MNP allows any subscriber to change his service provider without changing his mobile phone number. With the announcement of guidelines for MNP, telecom service providers will be forced to improve quality of their service to avoid losing subscribers. This can be seen as a maturing element of the Indian telecom industry and a natural step for the industry to go forward.
The mobile value added services include, text of SMS, menu based services, downloading of music or ringtones, mobileTV, videos, streaming, sophisticated mcommerce applications etc. Prior to 2008, a majority of VAS revenues were attributable to SMSs. However, recent trends indicate that this mix is evolving. With greater penetration of new services, availability of relatively inexpensive feature rich handsets and consumer education, VAS other than SMS is gaining importance. It is further expected that over the next few years, non-SMS VAS would become a dominant contributor to VAS revenue.
The Telecom Commission was set up by the Government of India in 1989 with administrative and financial powers of the Government of India to deal with various aspects of Telecommunications. The Commission consists of a Chairman and four full time members who are ex-officio secretaries to the Government of India in the Department of Telecommunications. Besides there are four part-time members who are the Secretaries to the Government of India of the concemed Departments.
The major functions of the Telecom Commission include policy formulation, review of performance, licensing, wireless spectrum management, administrative monitoring of PSUs, research and development, standardization/validation of equipment and International Relations.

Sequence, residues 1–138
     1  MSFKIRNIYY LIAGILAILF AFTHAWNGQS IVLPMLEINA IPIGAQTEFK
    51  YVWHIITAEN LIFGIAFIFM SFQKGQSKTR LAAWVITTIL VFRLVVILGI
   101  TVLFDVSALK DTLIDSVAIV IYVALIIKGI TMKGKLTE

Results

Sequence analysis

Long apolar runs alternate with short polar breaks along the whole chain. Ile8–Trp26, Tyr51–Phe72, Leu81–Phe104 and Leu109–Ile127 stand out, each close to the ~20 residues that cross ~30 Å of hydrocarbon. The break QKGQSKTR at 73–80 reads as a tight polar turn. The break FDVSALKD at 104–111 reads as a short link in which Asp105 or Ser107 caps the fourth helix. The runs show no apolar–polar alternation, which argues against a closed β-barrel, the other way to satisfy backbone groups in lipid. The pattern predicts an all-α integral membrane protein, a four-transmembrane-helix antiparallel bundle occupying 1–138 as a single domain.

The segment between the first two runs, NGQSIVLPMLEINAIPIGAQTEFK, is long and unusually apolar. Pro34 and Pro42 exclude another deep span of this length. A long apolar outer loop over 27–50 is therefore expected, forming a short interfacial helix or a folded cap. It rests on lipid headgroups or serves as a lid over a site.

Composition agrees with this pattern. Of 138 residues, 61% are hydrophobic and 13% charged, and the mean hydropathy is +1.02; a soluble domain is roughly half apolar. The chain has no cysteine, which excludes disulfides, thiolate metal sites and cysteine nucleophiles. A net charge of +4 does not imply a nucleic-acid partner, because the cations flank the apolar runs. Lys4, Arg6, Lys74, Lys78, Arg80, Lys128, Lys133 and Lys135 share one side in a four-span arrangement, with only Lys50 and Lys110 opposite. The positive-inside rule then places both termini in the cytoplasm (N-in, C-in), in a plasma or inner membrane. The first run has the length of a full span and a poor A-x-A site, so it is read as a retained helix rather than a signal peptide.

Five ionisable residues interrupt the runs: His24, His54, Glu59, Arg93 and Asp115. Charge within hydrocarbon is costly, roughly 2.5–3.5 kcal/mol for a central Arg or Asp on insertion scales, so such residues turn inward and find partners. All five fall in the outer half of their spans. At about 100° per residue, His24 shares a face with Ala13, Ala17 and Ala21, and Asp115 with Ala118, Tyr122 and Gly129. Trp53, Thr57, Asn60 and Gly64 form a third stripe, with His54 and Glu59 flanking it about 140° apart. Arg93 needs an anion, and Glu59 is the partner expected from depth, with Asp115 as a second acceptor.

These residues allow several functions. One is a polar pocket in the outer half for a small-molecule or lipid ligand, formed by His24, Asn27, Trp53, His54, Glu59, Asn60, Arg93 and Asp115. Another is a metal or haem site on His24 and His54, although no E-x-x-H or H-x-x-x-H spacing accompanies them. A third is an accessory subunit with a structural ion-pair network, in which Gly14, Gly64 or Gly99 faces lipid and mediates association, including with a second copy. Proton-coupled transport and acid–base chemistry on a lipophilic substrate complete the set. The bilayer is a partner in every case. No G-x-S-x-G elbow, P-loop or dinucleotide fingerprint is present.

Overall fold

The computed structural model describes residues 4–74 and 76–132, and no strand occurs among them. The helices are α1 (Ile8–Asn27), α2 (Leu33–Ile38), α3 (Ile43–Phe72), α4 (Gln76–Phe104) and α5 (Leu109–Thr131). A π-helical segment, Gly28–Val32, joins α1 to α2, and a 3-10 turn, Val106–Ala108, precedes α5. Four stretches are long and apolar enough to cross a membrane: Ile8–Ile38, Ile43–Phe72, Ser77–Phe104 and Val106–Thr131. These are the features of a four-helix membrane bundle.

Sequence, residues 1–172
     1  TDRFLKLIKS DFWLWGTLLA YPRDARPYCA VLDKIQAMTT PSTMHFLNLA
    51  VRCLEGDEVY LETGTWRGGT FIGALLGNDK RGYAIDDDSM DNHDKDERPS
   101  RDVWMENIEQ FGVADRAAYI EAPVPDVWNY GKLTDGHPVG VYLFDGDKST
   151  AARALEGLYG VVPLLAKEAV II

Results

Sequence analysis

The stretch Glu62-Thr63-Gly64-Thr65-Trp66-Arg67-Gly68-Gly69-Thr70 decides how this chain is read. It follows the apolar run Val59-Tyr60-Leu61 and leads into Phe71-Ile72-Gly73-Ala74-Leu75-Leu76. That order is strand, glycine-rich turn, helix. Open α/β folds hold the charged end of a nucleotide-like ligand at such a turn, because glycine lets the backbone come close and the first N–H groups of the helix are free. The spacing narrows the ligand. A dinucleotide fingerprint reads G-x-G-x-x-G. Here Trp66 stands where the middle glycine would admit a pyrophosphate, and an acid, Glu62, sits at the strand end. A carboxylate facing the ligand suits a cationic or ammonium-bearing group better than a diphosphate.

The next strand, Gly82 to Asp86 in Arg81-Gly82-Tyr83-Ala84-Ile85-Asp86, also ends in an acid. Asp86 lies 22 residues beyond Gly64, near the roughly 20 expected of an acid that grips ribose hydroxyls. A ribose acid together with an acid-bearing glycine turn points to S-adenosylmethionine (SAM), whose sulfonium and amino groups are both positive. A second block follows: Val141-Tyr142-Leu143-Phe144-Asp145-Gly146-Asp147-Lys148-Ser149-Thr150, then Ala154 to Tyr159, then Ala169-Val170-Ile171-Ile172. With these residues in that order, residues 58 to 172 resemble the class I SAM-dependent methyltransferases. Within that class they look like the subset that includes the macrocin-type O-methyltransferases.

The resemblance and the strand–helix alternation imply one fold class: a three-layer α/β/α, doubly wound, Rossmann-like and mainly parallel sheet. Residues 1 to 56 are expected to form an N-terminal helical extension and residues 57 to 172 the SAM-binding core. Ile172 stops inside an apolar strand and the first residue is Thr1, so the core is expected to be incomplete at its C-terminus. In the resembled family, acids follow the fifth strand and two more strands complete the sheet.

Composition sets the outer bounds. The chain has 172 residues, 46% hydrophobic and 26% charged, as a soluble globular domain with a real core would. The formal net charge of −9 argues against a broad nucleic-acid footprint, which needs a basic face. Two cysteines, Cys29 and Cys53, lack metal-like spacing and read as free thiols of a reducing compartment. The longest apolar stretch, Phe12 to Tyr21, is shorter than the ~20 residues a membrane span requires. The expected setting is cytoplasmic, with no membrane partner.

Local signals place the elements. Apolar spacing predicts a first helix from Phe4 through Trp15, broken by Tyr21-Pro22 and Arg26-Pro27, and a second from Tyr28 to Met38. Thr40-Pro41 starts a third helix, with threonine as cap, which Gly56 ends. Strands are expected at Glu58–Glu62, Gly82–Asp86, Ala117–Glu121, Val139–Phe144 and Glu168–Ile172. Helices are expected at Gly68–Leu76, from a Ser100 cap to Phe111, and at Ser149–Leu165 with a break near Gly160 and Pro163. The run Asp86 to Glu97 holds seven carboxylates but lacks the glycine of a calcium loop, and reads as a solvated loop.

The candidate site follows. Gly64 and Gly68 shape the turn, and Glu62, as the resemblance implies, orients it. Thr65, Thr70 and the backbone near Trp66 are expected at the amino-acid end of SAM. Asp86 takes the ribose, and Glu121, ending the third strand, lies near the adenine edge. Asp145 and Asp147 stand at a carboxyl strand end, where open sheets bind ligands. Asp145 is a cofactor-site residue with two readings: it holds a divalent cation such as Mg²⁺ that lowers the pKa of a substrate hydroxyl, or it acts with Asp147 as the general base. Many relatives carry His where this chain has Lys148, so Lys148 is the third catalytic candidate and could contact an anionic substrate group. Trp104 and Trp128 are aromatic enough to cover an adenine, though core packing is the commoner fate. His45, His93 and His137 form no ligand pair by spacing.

Role of Department of Telecommunications
The Department of Telecommunications (DoT) is responsible for policy formulation, performance review, monitoring, international cooperation, Research & Development and grant of licences to operators for providing basic and value added services in various cities and telecom circles as per approved policy of the Government. The Department also allocates frequency and manages radio communications in close coordination with the International bodies. It is also responsible for enforcing wireless regulatory measures and monitoring the wireless transmission of all users in the country. A brief description of various services of Department of Telecommunications is given below:
MAJOR POLICY INITIATIVES
Given the central aim of NTP 99 to ensure rapid expansion of tele-density and the objective to transform in a time-bound manner, the telecommunications sector to greater competitive environment in both urban and rural areas providing equal opportunities and level playing field for all players, the Department has taken various Policy Initiatives, as below, which have helped the growth of the Telecom sector, increased competition to benefit the customers to ensure affordable and quality service.